In an intense forthright discussion with me today, three New York State Department officials, all part of an impressive new-leadership for the state’s TBI Waiver, made it clear that Timothy J. Feeney will not have the contractual authority he did in the past nor the ability to exceed any contractual authority as survivors (including this writer), family members and providers witnessed in the past.
It was also made clear that the “training” provided by Feeney’s company will not be the only option for providers when it comes to being approved for being PBIS (Behavioral) Directors.
Equally important to understand is that the state’s contract is with the Southern Tier Independence Center (STIC) in Binghamton, not Feeney’s company, and STIC is on the hook to make sure the neurobehavioral contract’s deliverables are provided as called for in the contract. All indications are STIC will be giving the work to Feeney and his people.
I like, and was genuinely impressed, with the three folks I met with today: Deputy Commissioner Mark Kissinger, Carla Williams, Deputy Director Office of Long Term Care and Mary Ann Anglin, Director of the Division of Home & Community Based Care Services. Kissinger is wonderfully straight forward and direct, Ms. Williams, who will never be accused of being shy or understated, is refreshingly intense and forceful, and Ms. Anglin is a marvelously clear and creative thinker. All three made their loyalty to the best possible waiver clear to me, and I have no reason to disbelieve them. If I did (or ever do), I’ll tell you.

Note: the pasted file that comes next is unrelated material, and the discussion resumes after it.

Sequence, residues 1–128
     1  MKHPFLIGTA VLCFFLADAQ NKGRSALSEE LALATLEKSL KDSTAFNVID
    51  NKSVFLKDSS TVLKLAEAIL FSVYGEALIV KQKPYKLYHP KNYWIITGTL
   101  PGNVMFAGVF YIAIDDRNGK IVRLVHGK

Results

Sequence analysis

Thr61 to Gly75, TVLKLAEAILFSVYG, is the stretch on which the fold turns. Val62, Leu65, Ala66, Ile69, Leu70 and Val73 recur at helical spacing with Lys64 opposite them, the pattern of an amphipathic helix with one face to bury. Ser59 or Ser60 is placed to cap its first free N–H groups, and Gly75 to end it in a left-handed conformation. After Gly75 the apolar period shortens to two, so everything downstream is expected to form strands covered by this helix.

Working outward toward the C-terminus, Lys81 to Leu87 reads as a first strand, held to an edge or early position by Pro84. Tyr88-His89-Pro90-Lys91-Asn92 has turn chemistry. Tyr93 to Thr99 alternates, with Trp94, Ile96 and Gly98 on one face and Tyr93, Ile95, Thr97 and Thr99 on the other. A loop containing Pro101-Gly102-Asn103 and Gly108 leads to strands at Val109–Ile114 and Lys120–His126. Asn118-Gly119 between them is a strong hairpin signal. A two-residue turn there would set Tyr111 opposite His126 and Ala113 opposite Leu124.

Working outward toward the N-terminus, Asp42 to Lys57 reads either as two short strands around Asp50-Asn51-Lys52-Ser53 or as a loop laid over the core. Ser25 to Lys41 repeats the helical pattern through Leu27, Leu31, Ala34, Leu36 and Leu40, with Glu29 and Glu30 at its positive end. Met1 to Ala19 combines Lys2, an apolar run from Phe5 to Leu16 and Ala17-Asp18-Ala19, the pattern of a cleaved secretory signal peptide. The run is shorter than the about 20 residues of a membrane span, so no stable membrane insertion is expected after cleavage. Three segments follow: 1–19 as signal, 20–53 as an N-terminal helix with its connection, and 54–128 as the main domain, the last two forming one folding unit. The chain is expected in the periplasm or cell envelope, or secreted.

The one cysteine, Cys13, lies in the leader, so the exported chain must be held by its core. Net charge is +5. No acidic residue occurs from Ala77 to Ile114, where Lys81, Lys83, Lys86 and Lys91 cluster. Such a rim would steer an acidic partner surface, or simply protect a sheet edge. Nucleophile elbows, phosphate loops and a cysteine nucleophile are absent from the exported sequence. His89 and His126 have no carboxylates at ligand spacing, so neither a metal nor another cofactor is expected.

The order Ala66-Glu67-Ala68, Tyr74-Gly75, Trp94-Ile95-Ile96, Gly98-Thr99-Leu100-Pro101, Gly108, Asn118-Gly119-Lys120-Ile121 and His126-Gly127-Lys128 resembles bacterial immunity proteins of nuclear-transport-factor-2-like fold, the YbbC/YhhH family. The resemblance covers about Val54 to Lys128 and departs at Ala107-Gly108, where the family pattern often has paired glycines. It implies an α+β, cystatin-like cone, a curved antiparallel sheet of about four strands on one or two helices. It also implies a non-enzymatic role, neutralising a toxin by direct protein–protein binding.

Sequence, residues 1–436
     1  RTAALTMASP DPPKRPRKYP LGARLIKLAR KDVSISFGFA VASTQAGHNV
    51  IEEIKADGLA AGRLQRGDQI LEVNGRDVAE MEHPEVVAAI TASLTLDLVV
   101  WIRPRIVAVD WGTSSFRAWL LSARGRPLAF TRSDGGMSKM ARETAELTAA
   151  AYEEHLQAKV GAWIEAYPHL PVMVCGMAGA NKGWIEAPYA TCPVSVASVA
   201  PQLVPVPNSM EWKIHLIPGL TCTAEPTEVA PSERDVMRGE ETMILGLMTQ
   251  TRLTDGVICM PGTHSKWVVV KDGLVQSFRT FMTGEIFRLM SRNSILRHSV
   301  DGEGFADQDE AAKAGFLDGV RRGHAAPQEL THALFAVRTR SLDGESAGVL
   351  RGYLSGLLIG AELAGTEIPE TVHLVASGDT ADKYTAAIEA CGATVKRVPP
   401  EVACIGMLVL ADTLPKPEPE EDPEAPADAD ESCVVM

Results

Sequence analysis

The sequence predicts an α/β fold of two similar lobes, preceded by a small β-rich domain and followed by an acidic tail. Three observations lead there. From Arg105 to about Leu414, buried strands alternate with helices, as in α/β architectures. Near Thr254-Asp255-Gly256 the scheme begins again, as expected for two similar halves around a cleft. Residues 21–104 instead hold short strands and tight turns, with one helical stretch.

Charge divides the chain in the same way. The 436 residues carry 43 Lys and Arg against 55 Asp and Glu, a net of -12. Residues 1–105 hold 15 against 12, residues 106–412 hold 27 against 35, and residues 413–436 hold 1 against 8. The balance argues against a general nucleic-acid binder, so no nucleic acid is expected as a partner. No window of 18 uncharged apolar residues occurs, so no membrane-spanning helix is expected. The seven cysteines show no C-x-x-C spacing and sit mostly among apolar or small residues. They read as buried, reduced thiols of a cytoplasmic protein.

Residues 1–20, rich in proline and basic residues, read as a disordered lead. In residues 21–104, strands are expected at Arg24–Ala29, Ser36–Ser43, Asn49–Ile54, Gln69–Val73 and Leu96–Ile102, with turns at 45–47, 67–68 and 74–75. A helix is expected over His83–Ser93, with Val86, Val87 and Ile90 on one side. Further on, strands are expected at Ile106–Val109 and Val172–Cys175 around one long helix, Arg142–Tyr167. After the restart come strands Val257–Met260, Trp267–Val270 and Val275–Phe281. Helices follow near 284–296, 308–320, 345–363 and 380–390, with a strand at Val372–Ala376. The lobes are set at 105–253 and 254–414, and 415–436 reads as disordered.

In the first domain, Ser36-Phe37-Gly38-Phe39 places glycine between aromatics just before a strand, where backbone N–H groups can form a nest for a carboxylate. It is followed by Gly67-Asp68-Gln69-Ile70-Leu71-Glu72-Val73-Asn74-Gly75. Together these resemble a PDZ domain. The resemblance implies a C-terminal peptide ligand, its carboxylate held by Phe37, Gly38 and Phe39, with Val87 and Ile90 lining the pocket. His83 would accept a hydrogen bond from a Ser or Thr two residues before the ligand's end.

It is important to note too that these three were not at the helm back in the days when Feeney was able to run roughshod over people and providers, inflicting admission holds at will and, as many of us know, acting on his penchant for reminding providers that if they didn’t do what he told them to do, he’d shut off their admissions straight away. Feeney and his crew would at times direct who should be fired and who should or should not be promoted. I can even recall instances where he directed that cognitive therapy is not an option because it doesn’t work; about as absurd a claim as one can make in the world of brain injury. Kind of like telling someone summiting Everest that oxygen is irrelevant.
I was also reassured that survivors, families and providers should not hesitate to file complaints if they have them. I explained that in the past there was a reality-based fear in filing complaints against Feeney and his crew because the response was often punitive. Fear can be a helluva manager. I was assured in no uncertain terms that those days are in the past.
And so we will see. I can tell you that if you have complaints or concerns of any kind, you can file them with the Kahrmann Advocacy Coalition (firstname.lastname@example.org) as well as with the Brain Injury Association of New York State.